Peter, ever the impulsive leader of the disciples, says he is going fishing, days after the drama of Jesus death and resurrection. Six other of Jesus’ disciples, now bound by unspeakable shared experiences, decide to go too. It’s a dark night, and they don’t catch one fish. Our pastor, Ken Miller shared this story with us last Sunday. It is one of my favorite stories, and not just when I’m struggling.
This week, I’ve been longing for that sunrise, when all our imperfections and anxieties will be past. Last Saturday, two gunmen passed down our street shooting, about 10 minutes after Marnell took out the trash. (The gunmen seemed to have targeted vehicles and no one was hurt.) Then too, my own internal battles with spiritual bullets, which can be just as frightening and more desolate.
As I think of the story on the Sea of Galilee, I wish I knew. As the night wore on, did Peter and the other disciples also long for the presence of the Lamb of God, their long-time Friend?
Then, as the sun rises, a man walks up on the shore. And here’s an amazing thing. Peter does not recognize him. The man asks if they caught any fish. They say, No. He tells them to throw the net into the water on the other side. They do. The net is suddenly bulging, threatening to swamp the boat. There are 306 dark fish eyes and 153 squirming fish bodies. A miracle.
And still, Peter does not seem to know that the man on the shore is Jesus.
John has to say, “It is the Lord!” before Peter plunges into the water full of joy, to swim/splash the 100 yards to shore.
Now, how could Peter, who dedicated his life to Jesus after a similar fish miracle just 3 years earlier, not have recognized Jesus at once, even before the fish arrived?
I don’t know. But Ken shared something that touched me deeply.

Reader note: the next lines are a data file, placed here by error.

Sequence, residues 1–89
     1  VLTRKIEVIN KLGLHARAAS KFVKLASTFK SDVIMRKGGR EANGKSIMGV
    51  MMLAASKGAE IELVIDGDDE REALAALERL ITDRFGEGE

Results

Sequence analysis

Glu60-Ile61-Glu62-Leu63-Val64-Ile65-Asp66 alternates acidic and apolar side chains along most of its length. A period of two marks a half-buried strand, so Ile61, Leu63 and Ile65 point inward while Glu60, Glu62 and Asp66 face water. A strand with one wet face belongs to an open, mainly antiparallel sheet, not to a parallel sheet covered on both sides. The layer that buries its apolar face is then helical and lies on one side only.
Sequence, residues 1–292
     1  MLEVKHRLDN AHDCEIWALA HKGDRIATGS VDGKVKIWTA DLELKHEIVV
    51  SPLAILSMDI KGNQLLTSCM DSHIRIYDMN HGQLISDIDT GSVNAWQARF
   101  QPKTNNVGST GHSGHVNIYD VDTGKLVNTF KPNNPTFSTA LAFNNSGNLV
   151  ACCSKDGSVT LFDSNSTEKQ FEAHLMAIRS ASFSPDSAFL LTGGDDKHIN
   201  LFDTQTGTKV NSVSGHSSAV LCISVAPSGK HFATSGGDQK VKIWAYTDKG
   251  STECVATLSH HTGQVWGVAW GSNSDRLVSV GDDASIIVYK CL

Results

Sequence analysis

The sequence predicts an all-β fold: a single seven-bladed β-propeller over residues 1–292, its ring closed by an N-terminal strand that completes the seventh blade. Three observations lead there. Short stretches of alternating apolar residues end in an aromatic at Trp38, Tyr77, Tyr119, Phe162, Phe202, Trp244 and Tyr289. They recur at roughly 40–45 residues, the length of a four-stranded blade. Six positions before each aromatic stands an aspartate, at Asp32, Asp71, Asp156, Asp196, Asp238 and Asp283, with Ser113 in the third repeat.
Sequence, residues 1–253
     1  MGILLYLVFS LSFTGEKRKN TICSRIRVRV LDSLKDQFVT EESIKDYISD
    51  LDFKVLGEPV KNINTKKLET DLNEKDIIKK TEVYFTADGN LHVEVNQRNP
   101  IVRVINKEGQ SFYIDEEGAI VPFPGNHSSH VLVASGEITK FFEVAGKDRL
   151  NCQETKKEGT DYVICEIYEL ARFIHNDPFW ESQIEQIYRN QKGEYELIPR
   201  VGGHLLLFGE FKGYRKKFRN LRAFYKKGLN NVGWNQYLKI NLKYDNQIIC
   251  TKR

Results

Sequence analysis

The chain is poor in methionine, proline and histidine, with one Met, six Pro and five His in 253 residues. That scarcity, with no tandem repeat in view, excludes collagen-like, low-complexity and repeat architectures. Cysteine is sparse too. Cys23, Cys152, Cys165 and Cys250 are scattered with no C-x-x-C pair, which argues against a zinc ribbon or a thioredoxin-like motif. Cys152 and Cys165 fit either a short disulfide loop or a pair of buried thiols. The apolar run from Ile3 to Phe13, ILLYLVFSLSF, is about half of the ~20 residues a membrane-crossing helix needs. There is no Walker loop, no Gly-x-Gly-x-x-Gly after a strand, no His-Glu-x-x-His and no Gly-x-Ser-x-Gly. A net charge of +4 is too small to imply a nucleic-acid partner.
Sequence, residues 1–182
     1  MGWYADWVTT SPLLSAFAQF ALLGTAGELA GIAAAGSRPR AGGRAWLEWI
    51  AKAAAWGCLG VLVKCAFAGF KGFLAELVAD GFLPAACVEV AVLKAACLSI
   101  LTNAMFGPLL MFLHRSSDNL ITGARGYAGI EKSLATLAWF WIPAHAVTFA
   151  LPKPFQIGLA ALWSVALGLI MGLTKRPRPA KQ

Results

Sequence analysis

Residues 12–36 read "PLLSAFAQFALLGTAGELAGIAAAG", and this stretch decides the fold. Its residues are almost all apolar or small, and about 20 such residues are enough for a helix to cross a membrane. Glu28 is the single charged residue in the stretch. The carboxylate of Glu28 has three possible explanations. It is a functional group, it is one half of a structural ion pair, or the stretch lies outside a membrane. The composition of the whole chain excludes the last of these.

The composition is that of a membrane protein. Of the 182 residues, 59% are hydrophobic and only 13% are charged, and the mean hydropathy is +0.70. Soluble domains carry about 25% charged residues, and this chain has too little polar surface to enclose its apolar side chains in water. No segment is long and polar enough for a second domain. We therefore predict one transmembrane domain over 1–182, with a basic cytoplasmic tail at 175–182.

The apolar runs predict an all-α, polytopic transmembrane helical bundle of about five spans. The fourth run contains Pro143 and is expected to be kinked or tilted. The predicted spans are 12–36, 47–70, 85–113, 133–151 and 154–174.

“There were many people who didn’t recognize Jesus right away,” Ken said. “Mary at the tomb. The two disciples on the road to Emmaus. Peter and the disciples in the boat. This makes me think that Jesus is often closer than we realize. He is often with us when we don’t know it.”
What an amazing thought!
Sunday afternoon after the service, I dug out my old folder with the poetry I wrote years ago and found this.
THE OTHER SIDE
“Cast on the other side,” He said,
When the long night turned to day.
When they obeyed, that one command
Swept all their gloom away.
More fish than they had ever
Imagined could be caught
Were squirming in that shocking net
The useless night was naught,
Beside this grand and glorious catch
That stories couldn’t beat.
They dragged the hundred fifty-three
To shore, and sat to eat.
Which tells me that however big
The weight that drags me down,
One word from Christ (if I obey)
Can turn the thing around.
If I just drop the empty net
And wait for his command,
I soon will have a bigger load
Than I can pull to land.Katrina Hoover, 1990’s?
There’s probably a good reason I quit writing poetry! But my words remind me of the truth – nothing is too big for Jesus. Not a night without fish. Not a week without progress.
Oh, I wish I could have been there on that shore! What would it have been like to meet Jesus in person? To ask questions? To eat breakfast on the shore? To witness yet another miracle?
But, perhaps what Jesus came for was to make it possible for us to endure with joy day by day here, to thrive in the midst of brokenness and bullets. Even the disciples. Although the disciples recorded these moments of joy, they also had many dark nights, both before and after that glorious breakfast. Perhaps, years after that breakfast, they had moments where they wanted to doubt their faith. But they could look back on God’s love and faithfulness, even as we can.
And some day we will see Him face to face!
And perhaps in the meantime, as Ken said, Jesus is closer than we realize. Perhaps it is not so much that He isn’t here with me as I weep, but that I, like Peter, don’t have the right frame of mind to recognize his presence.